New records show Donald Trump’s controversial commission on voter fraud took what some are calling a dubious step:

RELATED: Trump’s Election Integrity Committee wants your data, and Texas is willing to give it to him

According to the Washington Post, Trump’s commission, which caused somewhat of uproar for opposition supporters nationwide after asking for voter rolls from every state, bought millions of Hispanic surnamed voters’ records from the State of Texas.

While not explicitly illegal to purchase at the federal level, investigators say the state data never reached the hands of the President’s commission.

Lawsuits related to this issue filed by voting rights advocates in Texas and other states reportedly brought the Administration commission’s efforts to a halt, with some states’ officials refusing to hand over the names of voters to the White House.

In the Texas ruling, for instance, Judge Tim Sulak of Texas’ 353rd Civil District Court said handing over the names of voters “may imminently violate” Texas law, explaining further in his ruling how “appropriate precautions to safeguard the privacy and security of that information” did not appear accounted for in the attempted transaction, according to Newsweek.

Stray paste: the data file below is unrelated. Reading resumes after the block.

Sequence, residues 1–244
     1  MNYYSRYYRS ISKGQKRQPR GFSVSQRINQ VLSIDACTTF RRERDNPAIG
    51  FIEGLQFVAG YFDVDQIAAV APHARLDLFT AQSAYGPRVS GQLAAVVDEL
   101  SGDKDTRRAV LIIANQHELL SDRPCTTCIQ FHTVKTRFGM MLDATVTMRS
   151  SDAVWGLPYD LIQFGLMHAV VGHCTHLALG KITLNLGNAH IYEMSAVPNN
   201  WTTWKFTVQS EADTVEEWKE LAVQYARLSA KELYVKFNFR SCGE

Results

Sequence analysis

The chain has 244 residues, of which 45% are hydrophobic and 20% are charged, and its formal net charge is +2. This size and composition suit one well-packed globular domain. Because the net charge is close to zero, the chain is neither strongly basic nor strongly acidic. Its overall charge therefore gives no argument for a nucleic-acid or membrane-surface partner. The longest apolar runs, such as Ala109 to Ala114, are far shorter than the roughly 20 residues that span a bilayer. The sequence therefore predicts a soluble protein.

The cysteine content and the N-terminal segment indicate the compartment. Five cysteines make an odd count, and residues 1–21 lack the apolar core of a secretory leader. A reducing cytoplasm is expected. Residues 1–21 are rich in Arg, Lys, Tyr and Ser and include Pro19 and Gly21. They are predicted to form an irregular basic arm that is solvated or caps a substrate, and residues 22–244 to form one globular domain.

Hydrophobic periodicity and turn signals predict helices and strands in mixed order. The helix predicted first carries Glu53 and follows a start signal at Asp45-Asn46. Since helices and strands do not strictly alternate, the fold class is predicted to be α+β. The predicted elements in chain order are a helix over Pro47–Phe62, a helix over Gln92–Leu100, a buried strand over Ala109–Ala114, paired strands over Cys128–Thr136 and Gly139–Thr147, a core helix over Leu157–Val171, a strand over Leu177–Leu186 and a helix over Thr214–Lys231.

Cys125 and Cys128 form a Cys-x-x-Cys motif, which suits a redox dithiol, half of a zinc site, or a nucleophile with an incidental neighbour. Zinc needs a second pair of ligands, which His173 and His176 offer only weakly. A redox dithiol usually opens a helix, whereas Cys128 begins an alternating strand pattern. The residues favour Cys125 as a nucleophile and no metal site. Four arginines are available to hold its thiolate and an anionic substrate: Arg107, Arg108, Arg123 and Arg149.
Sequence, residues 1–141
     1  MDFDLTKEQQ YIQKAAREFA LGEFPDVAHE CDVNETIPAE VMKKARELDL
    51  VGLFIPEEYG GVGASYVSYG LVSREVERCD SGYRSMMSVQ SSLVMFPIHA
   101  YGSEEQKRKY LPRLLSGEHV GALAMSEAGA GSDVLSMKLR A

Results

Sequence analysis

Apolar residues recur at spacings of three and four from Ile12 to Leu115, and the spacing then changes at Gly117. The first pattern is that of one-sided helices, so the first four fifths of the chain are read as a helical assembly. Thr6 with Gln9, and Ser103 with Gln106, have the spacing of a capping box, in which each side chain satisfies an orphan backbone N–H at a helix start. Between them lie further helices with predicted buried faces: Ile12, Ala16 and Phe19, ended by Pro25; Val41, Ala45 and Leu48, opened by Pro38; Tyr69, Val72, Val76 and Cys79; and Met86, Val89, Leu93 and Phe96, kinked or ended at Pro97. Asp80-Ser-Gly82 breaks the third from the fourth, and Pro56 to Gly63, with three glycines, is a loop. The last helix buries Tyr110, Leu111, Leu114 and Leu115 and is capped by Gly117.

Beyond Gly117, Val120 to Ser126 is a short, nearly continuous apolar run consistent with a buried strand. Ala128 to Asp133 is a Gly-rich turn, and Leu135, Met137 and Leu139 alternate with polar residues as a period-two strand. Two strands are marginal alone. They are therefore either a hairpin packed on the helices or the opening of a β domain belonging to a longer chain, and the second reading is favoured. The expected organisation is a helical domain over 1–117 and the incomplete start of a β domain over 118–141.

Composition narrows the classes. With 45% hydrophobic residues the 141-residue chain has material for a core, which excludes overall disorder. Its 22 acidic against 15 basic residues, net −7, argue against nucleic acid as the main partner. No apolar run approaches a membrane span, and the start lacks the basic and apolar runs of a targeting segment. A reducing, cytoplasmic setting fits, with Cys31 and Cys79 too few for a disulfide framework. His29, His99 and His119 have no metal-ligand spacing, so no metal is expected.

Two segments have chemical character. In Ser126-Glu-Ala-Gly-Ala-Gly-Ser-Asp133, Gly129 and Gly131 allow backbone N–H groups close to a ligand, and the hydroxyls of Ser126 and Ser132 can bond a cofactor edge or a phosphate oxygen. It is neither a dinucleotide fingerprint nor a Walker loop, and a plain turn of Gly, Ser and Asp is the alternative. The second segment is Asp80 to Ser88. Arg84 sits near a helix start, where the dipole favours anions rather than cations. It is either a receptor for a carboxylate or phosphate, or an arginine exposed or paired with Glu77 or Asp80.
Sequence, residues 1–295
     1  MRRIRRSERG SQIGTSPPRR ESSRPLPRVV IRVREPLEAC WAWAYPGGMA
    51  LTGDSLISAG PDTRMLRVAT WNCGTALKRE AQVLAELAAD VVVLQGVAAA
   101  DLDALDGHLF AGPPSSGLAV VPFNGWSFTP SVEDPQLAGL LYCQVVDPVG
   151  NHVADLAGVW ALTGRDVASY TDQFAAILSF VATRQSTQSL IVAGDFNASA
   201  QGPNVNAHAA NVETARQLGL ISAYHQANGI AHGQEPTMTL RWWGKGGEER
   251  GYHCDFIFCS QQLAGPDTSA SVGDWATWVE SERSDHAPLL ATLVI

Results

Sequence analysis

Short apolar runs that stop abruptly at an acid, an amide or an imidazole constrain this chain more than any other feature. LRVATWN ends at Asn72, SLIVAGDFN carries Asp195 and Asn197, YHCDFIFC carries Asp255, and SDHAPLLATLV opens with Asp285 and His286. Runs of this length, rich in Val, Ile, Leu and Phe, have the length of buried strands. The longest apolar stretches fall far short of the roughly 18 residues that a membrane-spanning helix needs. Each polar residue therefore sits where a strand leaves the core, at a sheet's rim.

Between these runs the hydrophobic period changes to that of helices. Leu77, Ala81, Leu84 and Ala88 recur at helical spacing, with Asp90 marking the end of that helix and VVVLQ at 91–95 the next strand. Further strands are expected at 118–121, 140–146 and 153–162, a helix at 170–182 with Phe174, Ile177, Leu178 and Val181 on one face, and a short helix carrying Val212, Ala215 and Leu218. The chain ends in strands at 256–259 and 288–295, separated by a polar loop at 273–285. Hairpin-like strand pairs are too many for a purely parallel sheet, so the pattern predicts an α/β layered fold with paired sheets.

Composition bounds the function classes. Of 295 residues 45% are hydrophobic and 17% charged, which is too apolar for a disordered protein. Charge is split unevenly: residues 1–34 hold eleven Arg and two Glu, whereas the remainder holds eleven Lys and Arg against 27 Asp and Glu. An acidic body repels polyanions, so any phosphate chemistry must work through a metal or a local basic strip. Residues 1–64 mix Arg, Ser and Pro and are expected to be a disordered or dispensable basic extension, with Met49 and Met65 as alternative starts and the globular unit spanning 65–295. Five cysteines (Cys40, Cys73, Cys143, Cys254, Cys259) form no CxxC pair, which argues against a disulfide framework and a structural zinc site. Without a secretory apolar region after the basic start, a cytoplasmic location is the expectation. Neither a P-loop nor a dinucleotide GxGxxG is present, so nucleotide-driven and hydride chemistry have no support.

Perhaps due in part to the collective resistance of states to provide records, the commission eventually disbanded on Jan. 3.

Analysts say new data revealing how the potentially sensitive voter information may be unaccounted for, as well as why the White House wanted the information at all, points to a trend they describe as disturbing, echoing concerns of some voting rights activists worried about the data prospectively being used to target black, Latino or other sects of voters.

According to Sam Taylor, spokesman for Texas Secretary of State Rolando Pablos (R), Texas keeps records on voters with Hispanic surnames so it can mail them bilingual voting information, and this data is what Trump’s commission reportedly attempted to buy.


Related to this point, Trump lost the popular vote in the 2016 presidential election, repeatedly implying this happened as a result of illegal votes being cast against him.

Despite there being no evidence to date of this type of voter fraud, his commission still moved to acquire data on Hispanic voters in several states, including Texas, who offers access to the information more readily than other states:

According to the Washington Post, Ronald Williams II, a policy advisor for the now-defunct commission, checked a box on the request form for voters records specifically asking voters with Hispanic surnames be flagged.

Other members of the commission are already distancing themselves from Williams’ move to check the box, however:

“Mr. Williams did not ask any member of the commission whether he should check that box or not, so it certainly wasn’t a committee decision,” Kansas Secretary of State Kris W. Kobach, the now-disbanded commission’s vice chairman said in an interview with the Post on Friday. “[That] information does not, did not advance the commission’s inquiry in any way, and this is the first I’ve heard the Texas files included that.”


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This is a developing story.

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